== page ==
ACM202 Advanced Digital Imaging Week 11

Check out ‘optimising mages for the web’ on the Cloud.  Home page of ACM202.

Online Quiz – can be repeated – is up again for resitting with different questions

Ethical and Sustainable Practice.

  • Sweated labour China Labour Watch – video (Cloud China Labour Watch 2012, ‘Beyond Foxconn:Deplorable Working Conditions Characterize Apple’s Entire Supply Chain’
  • Apple allowed e.g. journalists into their China factory.  Young workers, doing repetitive tasks, living in dormitories, Result – high suicide rate – Wages are from 25  cents /hour.   Very low pay – people cannot make a fair level of income for normal means of living – e.g. cannot live with their families (none of the workers could ever afford an I-pad.)  Sweatshops  – China makes, the rest of the world buys.  (The companies producing this stuff are actually contract companies – Apple doesn’t own the factory – so they can deny blame for the poor conditions.  The link may be multiple, and relatively untraceable.)  Foxcon – the company in the video produces 40% of the world’s electronics.
  • The implication – that big business gets bigger and richer – everyone else becomes poorer and poorer.  Be responsible and informed.
  • What can we do Consider buying ethically produced goods.  Educate ourselves about what the world is really like.  Or the attitude that ‘if it wasn’t happening in China it would be happening somewhere else’.  S.P.

Note – one major company changing to ethical production can massively change the ethos of the world.

 

  • What are Rare Earths Used for?  (Video on Cloud BBC News 2012, ‘What are ‘rare earths’ used for?’ 8 March)
  • about the ‘Lanthenoids’ & Actinides – used in nuclear science (lanthenides) and electronics (actinides) – called ‘the rare earths’ –
  • Lots of low level radiation from the refining of rare earths (this dirty process happens currently, hidden away, in China).
  • These elements are not renewable – n.b. the manufacture of ‘clean’ energy machinery – uses rare earths and the process of refining them leads to huge amounts of low level radioactive waste.
  • China is the main producer of rare earth metals )e.g. Yttrium.
  • (NB Australia has large reserves of rare earth metals – but doesn’t produce them due to the dirty extraction process)
  • We rely 100% on china for rare earth metals.
  • Sean’s aside ‘We’re highly unlikely to have another world war when the whole world is economically dependent’ – we can’t take China out of e.g. the US military weapons industry.

No longer needed – electronic rubbish (e-waste)– what happens to it?

China Labour Watch 2012, ‘Beyond Foxconn:Deplorable Working Conditions Characterize Apple’s Entire Supply Chain’

  • Such waste materials may be transported to third world countries –
  • Materials in e-waste include toxic chemicals and metals
  • E.g. we throw out massive amounts of computers, television sets, mobile phones
  • Much of the so-called ‘green’ recycling of e-waste actually finds its way into containers bound for Asia – often China, or Africa – where it may be just burnt – e.g. Gweiu in southern China – which now has polluted water, a high miscarriage rate and children with high levels of lead poisoning.  The workers are peasant farmers – earning $8 per day.  Air is polluted – townspeople breath this, also the materials burn on contact – the workers’ hands etc.  ‘it’s a hell of a choice between poverty and poison’ quote from the video.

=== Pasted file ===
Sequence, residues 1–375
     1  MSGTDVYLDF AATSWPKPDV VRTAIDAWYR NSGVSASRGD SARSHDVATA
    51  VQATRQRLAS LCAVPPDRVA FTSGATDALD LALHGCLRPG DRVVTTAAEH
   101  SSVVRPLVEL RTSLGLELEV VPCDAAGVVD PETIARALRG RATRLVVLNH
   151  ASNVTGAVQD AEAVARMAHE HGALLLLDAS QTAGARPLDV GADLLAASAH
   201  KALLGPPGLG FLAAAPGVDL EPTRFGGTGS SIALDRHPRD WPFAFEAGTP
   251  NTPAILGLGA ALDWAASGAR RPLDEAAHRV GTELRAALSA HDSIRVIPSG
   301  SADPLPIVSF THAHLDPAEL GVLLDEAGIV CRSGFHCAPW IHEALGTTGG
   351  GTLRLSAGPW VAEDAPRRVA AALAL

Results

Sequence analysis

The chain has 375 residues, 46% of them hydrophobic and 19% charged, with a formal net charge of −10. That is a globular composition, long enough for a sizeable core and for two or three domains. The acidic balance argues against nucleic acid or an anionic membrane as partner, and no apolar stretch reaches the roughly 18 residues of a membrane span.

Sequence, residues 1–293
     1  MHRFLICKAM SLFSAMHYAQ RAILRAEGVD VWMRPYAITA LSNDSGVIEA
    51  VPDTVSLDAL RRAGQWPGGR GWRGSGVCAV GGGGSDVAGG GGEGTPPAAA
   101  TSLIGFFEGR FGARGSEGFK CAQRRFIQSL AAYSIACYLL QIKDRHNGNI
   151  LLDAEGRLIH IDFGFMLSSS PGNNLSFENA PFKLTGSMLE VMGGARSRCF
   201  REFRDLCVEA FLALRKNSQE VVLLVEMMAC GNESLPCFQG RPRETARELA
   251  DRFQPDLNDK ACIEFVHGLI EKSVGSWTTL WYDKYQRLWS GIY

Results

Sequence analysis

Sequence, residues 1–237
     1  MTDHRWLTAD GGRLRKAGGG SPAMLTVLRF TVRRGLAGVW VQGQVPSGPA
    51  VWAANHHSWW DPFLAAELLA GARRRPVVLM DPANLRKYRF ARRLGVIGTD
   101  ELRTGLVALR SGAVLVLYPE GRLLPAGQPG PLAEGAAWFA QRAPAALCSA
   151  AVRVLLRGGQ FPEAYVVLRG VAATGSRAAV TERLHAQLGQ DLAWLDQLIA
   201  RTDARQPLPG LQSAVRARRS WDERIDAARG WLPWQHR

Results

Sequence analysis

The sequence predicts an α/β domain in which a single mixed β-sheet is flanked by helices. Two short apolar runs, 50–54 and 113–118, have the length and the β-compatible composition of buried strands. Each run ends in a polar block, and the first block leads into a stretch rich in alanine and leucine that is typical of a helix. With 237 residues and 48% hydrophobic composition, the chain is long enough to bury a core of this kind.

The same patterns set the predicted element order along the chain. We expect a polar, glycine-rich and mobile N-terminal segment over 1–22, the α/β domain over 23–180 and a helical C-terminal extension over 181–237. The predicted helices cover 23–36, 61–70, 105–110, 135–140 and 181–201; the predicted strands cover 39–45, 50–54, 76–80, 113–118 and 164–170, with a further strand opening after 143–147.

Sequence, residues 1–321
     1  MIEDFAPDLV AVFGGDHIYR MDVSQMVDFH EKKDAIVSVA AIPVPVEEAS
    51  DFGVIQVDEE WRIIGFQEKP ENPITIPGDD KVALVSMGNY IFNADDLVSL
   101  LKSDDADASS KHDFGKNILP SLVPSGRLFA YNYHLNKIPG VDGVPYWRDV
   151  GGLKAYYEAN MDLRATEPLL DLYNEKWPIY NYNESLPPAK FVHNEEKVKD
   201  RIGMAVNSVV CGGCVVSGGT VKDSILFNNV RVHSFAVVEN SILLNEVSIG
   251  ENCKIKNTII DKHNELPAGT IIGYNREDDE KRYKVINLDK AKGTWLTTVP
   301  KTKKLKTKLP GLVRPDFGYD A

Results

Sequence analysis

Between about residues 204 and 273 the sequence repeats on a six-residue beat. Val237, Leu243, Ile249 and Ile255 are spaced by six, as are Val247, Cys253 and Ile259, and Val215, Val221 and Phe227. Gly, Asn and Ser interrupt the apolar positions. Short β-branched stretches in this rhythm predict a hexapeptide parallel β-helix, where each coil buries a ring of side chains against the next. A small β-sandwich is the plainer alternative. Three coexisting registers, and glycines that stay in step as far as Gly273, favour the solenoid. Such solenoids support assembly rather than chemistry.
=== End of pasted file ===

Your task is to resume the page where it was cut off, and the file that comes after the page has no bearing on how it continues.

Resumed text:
• Acid recipes from the middle ages used to reclaim gold from electronic goods.
  • The rich get richer and the poor get poorer (and sicker). 
  • Active steps by the companies running the industry in the third world to mask their activities (e.g. secrecy when people try to ask or stopping people from filming).

Other clips on the Cloud page @ https://d2l.deakin.edu.au/d2l/le/content/147418/viewContent/1920448/View

Phone bloks – the use of products which work with replaceable parts – the opposite of ‘building for reduncancy’ –

The basic phone has replaceable elements – which can be replaced and upgraded at whim or need.  The platform is open so various companies should work together – the aim is to get most people wanting this – so that phonebloks.com.

Is this a naïve concept?  We now have ‘planned obsolescence’ – everything will fail in a relatively short time frame – if this phone is finally produced, the component elements will be produced to become redundant.

This needs a whole move away from profit-driven economy to a needs-based economy.

Professional bodies for artists and photographers – see cloud – for a list

Media, Entertainment & Arts Alliance

Media, Entertainment & Arts Alliance

Includes sample documents, rates of pay, issues which may arrive when, e.g. exhibiting.

MEAA 2010, Freelance Photographers Rates of Pay

AIPP http://www.aipp.com.au/

Australian Institute of Phofessional Photography

NAVA (fine arts) – students, starting out artists –

National Association for the Visual Arts

NAVA Money for Visual Artists

Arts Law Centre of Australia

Arts Law Centre

Australian Copyright Council

Australian Copyright Council

Photographers Copyright

Copyright – issues of note –

e.g. Obama poster by Shepherd Fairy – based on a photograph – the artists was sued when he said the photo was not the source of his poster .

Big issues of artists whose work is on the internet being ripped off by others using their work – but the artist still owns the copyright.

OH&S issues –

Eyesight from staring at a screen

Posture issues –

Too long sitting (Catalyst video online) ‘Sitting is Deadly’ Catalyst ABC RN 16 August 2012

Breaking up sitting time – a stand up and walk every 20 minutes will reduce the amounts of damage caused by sitting.

Examples of Job descriptions – jobs available e.g.

Eleven40 – Studio and Gallery assistant.

NB A grid format on WordPress – Hatch

 

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